Academic journal article Attention, Perception and Psychophysics

Testing Theories of Post-Error Slowing

Academic journal article Attention, Perception and Psychophysics

Testing Theories of Post-Error Slowing

Article excerpt

Published online: 22 November 2011

© The Author(s) 2011. This article is published with open access at

Abstract People tend to slow down after they make an error. This phenomenon, generally referred to as post-error slowing, has been hypothesized to reflect perceptual distraction, time wasted on irrelevant processes, an a priori bias against the response made in error, increased variability in a priori bias, or an increase in response caution. Although the response caution interpretation has dominated the empirical literature, little research has attempted to test this interpretation in the context of a formal process model. Here, we used the drift diffusion model to isolate and identify the psychological processes responsible for posterror slowing. In a very large lexical decision data set, we found that post-error slowing was associated with an increase in response caution and-to a lesser extent-a change in response bias. In the present data set, we found no evidence that post-error slowing is caused by perceptual distraction or time wasted on irrelevant processes. These results support a response-monitoring account of post-error slowing.

Keywords Response caution . Response time distributions . Cognitive control and automaticity . Diffusion model decomposition . Lexical decision

"What does a man do after he makes an error?" This question is just as valid as when it was first articulated by Rabbitt and Rodgers (1977), over 30 years ago. One answer to this question is that, after making an erroneous decision, one slows down on the next decision-an empirical regularity known as post-error slowing (PES; Laming, 1968, 1979a, 1979b; Rabbitt, 1966, 1979; Rabbitt & Rodgers, 1977). However, this answer raises a new and more interesting question: Namely, why does one slow down after making an error? Various answers have been proposed, and one of the main goals of this article is to implement these answers in a formal model of decision making so as to compare their adequacy in a precise and quantitative fashion.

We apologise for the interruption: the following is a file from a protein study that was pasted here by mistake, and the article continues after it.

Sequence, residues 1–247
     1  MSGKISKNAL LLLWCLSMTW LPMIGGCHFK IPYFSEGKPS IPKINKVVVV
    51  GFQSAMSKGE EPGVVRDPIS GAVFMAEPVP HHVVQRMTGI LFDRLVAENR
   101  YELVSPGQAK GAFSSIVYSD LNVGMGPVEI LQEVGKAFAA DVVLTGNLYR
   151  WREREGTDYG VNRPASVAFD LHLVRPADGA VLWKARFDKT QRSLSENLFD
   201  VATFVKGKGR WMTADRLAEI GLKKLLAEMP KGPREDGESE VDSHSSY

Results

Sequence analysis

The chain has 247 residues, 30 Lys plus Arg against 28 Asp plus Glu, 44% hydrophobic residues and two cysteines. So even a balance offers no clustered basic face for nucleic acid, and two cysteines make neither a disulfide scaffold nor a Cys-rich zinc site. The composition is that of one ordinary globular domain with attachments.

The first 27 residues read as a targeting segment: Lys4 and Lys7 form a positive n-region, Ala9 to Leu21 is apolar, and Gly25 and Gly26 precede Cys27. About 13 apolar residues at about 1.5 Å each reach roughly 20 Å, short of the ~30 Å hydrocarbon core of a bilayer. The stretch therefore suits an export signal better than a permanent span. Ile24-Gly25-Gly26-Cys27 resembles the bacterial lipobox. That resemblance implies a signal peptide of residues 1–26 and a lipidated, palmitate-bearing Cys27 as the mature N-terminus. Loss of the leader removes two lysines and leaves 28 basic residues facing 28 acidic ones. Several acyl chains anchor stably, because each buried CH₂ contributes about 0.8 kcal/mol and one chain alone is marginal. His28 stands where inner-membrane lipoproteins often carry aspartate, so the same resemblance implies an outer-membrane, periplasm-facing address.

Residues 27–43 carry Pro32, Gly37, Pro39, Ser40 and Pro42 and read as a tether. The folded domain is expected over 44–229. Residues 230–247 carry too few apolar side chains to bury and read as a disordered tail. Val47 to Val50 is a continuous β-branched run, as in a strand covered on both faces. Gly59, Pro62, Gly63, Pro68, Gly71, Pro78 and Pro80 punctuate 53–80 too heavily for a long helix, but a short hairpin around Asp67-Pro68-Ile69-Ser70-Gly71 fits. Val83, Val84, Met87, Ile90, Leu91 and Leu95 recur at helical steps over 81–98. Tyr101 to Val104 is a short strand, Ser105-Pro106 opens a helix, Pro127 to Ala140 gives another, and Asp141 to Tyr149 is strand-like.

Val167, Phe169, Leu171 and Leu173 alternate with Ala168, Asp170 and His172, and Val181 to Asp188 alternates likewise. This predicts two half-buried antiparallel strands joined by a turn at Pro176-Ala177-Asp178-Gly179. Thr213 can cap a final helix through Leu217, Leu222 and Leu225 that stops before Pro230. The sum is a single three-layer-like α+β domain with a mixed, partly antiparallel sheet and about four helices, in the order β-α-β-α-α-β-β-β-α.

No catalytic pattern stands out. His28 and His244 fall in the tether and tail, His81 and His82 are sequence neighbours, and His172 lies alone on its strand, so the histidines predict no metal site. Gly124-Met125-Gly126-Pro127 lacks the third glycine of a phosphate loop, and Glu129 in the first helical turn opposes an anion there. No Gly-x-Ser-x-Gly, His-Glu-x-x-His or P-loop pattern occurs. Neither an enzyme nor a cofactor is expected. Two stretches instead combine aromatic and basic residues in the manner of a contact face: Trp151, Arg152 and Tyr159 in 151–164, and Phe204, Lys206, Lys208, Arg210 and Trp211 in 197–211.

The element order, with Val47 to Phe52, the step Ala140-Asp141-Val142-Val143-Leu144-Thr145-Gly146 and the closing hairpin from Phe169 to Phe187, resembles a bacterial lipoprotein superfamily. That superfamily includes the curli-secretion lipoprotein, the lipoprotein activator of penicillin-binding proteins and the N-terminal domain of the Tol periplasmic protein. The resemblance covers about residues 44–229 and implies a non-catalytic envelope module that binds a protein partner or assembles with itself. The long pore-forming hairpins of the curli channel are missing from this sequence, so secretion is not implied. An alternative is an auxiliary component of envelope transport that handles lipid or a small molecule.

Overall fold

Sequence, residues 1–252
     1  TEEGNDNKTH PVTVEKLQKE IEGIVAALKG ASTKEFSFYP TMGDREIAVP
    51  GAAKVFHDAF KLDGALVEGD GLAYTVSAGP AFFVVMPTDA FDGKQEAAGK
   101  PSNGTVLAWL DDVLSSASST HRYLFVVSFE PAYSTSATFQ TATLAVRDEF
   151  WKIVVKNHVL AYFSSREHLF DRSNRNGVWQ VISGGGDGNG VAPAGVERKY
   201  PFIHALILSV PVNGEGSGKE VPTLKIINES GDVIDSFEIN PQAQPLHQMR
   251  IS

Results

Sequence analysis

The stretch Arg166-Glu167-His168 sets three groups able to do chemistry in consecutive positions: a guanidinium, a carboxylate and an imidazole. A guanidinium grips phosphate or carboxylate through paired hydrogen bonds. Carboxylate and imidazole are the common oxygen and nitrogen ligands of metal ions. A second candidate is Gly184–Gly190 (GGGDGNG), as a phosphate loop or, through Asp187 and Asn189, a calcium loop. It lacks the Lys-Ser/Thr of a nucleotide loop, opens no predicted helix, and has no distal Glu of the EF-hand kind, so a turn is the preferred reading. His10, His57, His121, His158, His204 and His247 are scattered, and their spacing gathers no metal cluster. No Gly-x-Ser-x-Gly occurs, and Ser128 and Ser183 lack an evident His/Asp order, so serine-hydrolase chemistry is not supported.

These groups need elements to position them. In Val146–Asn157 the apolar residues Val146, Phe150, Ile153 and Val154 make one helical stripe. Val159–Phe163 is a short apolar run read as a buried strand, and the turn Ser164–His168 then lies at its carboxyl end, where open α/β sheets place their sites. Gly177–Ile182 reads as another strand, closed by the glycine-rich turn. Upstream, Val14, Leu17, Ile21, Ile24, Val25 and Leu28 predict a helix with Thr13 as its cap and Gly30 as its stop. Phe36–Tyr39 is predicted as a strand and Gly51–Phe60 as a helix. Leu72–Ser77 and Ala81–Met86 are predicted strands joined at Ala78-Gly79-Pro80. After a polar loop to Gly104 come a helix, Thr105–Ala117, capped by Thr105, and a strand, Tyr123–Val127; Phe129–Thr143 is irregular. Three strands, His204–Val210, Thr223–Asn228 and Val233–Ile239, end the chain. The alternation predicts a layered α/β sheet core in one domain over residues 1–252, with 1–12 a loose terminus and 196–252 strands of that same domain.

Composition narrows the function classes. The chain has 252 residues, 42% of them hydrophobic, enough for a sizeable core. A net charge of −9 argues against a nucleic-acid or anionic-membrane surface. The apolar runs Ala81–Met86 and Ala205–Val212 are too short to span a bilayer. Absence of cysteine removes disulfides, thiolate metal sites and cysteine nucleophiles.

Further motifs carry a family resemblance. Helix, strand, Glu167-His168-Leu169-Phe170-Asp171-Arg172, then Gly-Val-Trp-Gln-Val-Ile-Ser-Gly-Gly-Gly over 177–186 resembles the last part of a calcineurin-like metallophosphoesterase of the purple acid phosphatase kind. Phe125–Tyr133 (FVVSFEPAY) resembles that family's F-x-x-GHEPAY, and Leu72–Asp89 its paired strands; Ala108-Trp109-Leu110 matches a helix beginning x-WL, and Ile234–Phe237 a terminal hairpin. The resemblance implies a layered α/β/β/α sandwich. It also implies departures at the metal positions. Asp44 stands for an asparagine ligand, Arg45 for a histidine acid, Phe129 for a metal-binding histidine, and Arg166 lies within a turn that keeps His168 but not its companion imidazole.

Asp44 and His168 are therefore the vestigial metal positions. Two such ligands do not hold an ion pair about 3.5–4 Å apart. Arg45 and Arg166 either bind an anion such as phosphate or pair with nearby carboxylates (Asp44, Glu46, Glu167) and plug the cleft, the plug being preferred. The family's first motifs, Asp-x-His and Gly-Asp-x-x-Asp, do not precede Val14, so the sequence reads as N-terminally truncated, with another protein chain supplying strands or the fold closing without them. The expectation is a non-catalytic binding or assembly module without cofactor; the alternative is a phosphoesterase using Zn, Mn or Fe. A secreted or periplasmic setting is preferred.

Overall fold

The competing explanations for PES, detailed in the next section, are (1) increased response caution, (2) an a priori bias away from the response that was just made in error, (3) an overall decrease in the across-trial variability of a priori bias, (4) distraction of attention, and (5) delayed startup due to irrelevant processes (e.g., overcoming disappointment). We propose that these five explanations map uniquely onto parameters in a drift diffusion model for response time (RT) and accuracy (Ratcliff, 1978; Ratcliff & McKoon, 2008). As we will explain below, this one-to-one mapping between psychological processes and model parameters allows for an informative diffusion model decomposition of PES and a rigorous assessment of the extent to which each explanation (or, indeed, any combination of them) holds true.

A major practical obstacle that we needed to overcome was that the drift diffusion model requires relatively many observations to produce informative parameter estimates; as a rule of thumb, the model requires at least 10 error RTs in each experimental condition. Because the interest here centered on trials that follow an error, this means that the model required at least 10 errors that immediately followed an error. With an error rate of 5% throughout, the minimum number of observations would already be 4,000. Thus, a reliable diffusion model decomposition of PES would require a relatively large data set (or a data set with many errors). Here we fit the model to a lexical decision data set featuring 39 participants who each completed 28,074 trials of speeded two-choice decisions (Keuleers, Brysbaert, & New, 2010).

In the next sections, we will briefly discuss the different explanations for PES and formalize these predictions in the context of the drift diffusion model. We then test the different explanations by fitting the model to the lexical decision data from Keuleers, Brysbaert, & New (2010). …

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